- The Washington Times - Thursday, May 25, 2023

ORLANDO, Fla. — Jewish emigration to Israel is being supported in part by evangelical Christians, an alliance some might not expect, two leading Israeli emigres say.

Rabbi Dov Lipman, a Maryland native who became an Israeli citizen as an adult, and Chaim Malespin, an Oregon native who emigrated at age 15, found welcoming evangelicals at the National Religious Broadcasters convention here this week.

Mr. Lipman heads Yad L’Olim, an organization that helps Jewish immigrants become Israeli citizens. Mr. Malespin directs the Aliyah Return Center in Tiberias, Israel, which assists families settling in the Galilee region and elsewhere around Israel.

The organizations assist thousands of newcomers annually, they said.

Encounters with Christians “who prayed for Israel, who supported Israel, who believed the Bible and what it says about the Jewish connection to Israel” convinced Mr. Lipman that “we actually do have allies,” he said.

Over the past two years, his organization has heard from 32,000 families in 41 countries “reaching out for assistance.”

“This gives you a sense of the magnitude of what’s happening and the awakening that’s going on, and that ultimately will strengthen Israel because the more Jews that are living there, the more we submit that this is our birthright and our homeland, the stronger Israel will be,” the Yad L’Olim leader said.

Mr. Lipman said those who move to Israel are said to make “Aliyah,” the Hebrew word for “going up” when someone is called forward to read a portion of the Torah in a synagogue. The plural is “olim,” and Yad L’Olim translates to “a hand for the Olim,” he added.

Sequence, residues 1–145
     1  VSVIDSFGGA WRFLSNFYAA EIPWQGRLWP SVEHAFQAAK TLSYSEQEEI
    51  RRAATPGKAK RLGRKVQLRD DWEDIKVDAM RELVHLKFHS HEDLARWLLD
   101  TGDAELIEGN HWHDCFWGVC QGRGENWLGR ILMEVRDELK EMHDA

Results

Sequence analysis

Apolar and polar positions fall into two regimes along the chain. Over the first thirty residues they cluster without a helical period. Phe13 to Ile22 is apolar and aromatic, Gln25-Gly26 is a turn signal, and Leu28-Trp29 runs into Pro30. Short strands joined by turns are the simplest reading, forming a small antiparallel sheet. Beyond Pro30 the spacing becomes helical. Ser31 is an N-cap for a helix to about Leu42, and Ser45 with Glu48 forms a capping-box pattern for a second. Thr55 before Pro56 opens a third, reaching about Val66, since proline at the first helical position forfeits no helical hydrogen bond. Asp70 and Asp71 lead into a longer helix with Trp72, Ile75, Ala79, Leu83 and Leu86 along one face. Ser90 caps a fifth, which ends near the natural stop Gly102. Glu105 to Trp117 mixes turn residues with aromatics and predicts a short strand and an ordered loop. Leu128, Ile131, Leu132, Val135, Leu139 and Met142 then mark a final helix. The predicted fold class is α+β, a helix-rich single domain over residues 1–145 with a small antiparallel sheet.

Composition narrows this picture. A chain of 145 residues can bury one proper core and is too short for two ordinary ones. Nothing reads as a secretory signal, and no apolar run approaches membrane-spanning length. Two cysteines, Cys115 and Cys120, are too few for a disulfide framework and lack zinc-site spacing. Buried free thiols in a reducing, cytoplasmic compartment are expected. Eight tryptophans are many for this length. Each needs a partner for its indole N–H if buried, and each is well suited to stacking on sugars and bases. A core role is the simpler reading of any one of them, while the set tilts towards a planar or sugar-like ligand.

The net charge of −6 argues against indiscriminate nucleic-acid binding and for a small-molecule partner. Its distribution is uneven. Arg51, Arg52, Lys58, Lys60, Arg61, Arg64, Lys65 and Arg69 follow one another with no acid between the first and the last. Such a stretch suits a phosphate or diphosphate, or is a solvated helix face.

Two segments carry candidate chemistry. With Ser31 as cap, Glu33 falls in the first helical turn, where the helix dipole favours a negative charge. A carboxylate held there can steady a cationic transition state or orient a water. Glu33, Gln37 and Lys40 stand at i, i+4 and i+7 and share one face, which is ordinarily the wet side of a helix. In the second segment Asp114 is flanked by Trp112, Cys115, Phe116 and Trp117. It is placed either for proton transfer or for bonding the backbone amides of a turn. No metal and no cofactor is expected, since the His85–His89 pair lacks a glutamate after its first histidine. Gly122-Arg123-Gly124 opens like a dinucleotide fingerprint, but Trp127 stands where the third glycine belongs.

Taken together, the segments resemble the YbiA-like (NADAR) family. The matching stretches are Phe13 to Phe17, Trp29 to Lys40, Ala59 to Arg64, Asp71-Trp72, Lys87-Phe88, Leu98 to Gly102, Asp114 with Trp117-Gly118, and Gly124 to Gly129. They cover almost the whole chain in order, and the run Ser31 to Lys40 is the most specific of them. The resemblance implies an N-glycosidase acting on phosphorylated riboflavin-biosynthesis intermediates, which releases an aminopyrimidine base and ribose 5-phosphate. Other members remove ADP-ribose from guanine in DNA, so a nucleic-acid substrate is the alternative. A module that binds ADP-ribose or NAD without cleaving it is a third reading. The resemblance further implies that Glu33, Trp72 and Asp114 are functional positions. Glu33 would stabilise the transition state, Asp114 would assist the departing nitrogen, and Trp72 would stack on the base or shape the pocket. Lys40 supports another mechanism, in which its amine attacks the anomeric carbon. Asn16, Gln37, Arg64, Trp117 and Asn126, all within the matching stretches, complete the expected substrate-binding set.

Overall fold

Israel needs friends right now, given a rise in antisemitism that is spurring Jewish emigration. European Commission Vice President Margaritis Schinas, who heads the body’s campaign against antisemitism, told the annual conference of the European Jewish Association that security is a top concern for Jews on the continent.

“The data show that 38% of the Jews in Europe are considering leaving Europe because they feel unsafe,” Mr. Schinas said this week in a video address, according to the Eureporter.co news site. “This is a shame and it’s the responsibility of every government in the EU to protect its Jewish citizens.”

Mr. Malespin of the Aliyah Return Center said Christians respond when he explains the “why” of supporting Jewish emigration. He said he asks Christians, “Hey, do you have a Bible in your hands? Do you love that [book]? Do you love God?”

He then explains that “Moses’ journey is still happening right now,” referring to the liberation of the Hebrew slaves from Egypt.

“You can help Moses get to the promised land when you’re helping Ukrainians come, and they need to be established when they get to Israel,” Mr. Malespin said. “They need to get the food, clothing, shelter, language studies, job training, all that we offer free of charge.”

Mr. Lipman said educating potential supporters about the “bigger picture” in Israel is also important.

“Part of what I try to do when I speak is to also talk about [how] this is very important for the Christian population. … To remember the biblical prophecies that are coming true in front of our eyes, that’s the part that I try to share, the gathering of the exiles [and] the flourishing of the land,” the rabbi said. 

• Mark A. Kellner can be reached at mkellner@washingtontimes.com.

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